In a recent post by Lisa Calhoun on Inc. she listed out 30 surprising facts about female entrepreneurs. Reading through this list was affirming, inspiring, surprising and, you guessed it, frustrating. Let me give you some examples:
Affirming: "#3. Women entrepreneurs in the United States rank their happiness at nearly three times that of women who are not entrepreneurs or established business owners."
I can't tell you how many times over the past year-and-a-half I've said to friends and strangers that I'm SO MUCH HAPPIER than I was when I was working at a traditional office job, reporting to managers and bosses who I didn't necessarily agree with all of the time. As a female entrepreneur, I have the ability to make my own schedule, work myself to the bone because I want to, make decisions about goals and trajectory, and determine my own self worth without the structure of "what's expected".
Inspiring: "#14. A net new 340,000 jobs were added by woman-owned businesses between 2007 and 2015. At the same time, men-owned businesses shed 1.2 million jobs, according to a 2015 study by Womenable and American Express."
I can't wait to be a job creator! As with many start-ups today, Bite Size Learning is still in the phase where we contract out most of the work we can't do ourselves. That and automate, automate, automate. The day I can hire my first full-time employee will be a very proud one.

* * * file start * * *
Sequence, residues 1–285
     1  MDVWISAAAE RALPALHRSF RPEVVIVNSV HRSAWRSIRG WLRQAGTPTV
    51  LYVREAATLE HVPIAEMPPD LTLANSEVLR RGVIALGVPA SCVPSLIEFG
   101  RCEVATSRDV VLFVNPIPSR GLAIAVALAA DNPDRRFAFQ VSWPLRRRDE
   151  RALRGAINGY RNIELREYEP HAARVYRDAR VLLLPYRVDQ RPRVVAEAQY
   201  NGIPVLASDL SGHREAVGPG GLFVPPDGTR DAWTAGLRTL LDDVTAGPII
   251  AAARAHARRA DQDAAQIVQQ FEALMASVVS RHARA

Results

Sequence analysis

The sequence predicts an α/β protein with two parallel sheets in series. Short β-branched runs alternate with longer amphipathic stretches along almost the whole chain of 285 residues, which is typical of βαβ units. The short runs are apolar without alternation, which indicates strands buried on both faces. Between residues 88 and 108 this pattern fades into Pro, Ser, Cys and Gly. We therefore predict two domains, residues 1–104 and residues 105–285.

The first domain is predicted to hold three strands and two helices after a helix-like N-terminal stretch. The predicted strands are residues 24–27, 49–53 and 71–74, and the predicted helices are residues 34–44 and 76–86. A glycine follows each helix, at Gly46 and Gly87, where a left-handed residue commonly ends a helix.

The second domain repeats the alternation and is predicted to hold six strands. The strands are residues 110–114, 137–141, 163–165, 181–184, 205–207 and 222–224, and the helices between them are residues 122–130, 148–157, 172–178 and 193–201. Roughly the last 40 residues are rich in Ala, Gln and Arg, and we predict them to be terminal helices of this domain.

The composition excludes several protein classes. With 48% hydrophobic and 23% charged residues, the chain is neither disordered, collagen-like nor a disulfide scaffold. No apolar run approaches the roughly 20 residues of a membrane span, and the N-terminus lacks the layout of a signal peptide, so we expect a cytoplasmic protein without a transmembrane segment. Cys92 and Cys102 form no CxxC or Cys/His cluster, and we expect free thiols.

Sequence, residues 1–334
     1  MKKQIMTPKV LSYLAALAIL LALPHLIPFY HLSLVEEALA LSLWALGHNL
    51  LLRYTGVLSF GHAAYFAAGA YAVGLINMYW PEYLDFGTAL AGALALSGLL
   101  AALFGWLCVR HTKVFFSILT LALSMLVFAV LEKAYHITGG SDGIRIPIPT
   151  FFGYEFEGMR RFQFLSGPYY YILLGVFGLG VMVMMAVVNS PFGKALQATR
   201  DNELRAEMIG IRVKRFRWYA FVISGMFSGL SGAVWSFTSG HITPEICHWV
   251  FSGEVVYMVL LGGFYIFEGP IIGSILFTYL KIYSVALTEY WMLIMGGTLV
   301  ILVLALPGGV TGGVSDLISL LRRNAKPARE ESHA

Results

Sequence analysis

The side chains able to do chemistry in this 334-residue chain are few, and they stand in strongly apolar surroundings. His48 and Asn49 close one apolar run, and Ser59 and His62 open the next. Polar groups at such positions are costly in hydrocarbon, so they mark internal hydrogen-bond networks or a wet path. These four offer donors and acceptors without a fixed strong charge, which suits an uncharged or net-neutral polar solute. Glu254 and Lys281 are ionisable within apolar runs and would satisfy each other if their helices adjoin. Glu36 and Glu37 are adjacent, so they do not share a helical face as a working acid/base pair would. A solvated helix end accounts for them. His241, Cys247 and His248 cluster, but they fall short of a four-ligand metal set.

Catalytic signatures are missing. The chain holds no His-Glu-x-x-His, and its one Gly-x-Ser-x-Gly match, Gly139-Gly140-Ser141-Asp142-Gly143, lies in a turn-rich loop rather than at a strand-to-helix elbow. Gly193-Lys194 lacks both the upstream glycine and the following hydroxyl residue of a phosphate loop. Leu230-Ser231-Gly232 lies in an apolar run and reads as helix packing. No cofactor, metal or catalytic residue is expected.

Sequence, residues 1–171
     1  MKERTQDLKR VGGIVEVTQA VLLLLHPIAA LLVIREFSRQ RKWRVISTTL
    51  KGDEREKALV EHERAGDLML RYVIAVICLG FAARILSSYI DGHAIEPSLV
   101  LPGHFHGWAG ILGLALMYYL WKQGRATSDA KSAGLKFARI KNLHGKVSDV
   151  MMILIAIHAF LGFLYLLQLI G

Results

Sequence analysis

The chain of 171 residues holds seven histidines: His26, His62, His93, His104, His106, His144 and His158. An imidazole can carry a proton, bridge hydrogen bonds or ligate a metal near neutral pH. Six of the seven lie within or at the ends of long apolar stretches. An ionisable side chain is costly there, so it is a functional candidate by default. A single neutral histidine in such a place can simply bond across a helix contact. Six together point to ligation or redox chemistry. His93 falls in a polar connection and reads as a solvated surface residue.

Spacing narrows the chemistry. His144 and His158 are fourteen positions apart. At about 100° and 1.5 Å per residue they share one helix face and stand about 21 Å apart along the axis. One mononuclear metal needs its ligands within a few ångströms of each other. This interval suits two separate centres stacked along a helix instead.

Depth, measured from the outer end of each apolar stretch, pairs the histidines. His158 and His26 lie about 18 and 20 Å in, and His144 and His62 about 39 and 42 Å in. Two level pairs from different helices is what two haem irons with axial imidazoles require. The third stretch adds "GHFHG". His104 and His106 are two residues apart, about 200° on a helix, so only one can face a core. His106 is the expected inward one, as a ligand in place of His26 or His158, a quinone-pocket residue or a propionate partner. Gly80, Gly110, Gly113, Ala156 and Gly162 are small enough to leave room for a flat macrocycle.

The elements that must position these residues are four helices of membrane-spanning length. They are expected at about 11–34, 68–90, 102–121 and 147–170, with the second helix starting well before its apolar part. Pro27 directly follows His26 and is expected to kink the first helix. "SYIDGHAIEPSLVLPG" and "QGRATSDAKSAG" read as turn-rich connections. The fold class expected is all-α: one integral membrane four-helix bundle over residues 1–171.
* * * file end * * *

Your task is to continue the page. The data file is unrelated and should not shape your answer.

Surprising: "#15. No matter which crowdfunding platform they choose, female founders perform equal to or better than their male counterparts when raising money online."
Ok ladies! Take to crowd-funding! Plum Alley is a site devoted to female founded companies. And, if you're ready to take on PR...my good friend is the best in the business, particularly in the Kickstarter space. Find her at http://www.sabrinadax.com/
Frustrating: "#29. Almost half-of female founders (48 percent) cite a lack of available mentors or advisers as holding them back."
I've felt this first-hand. Whether in a traditional career path or as an entrepreneur, its hard to find women out there who are interested in mentoring. As Sheryl Sandberg mentions in, Lean In, the worst way to go about finding a mentor is to ask. Mentorship should be organic...that said, we need the women in a position to be mentors to step up to the task. Long gone are the days where it's ok to be a Queen Bee. Long gone are the days when it was every woman for herself. It's time to take a look around and actively put yourselves out to mentor those just starting. If not now, when?
So as not to end on a sour note...here's another inspiring fact from her list: "#6. There are just over 9 million women-owned companies in the United States." #awesome.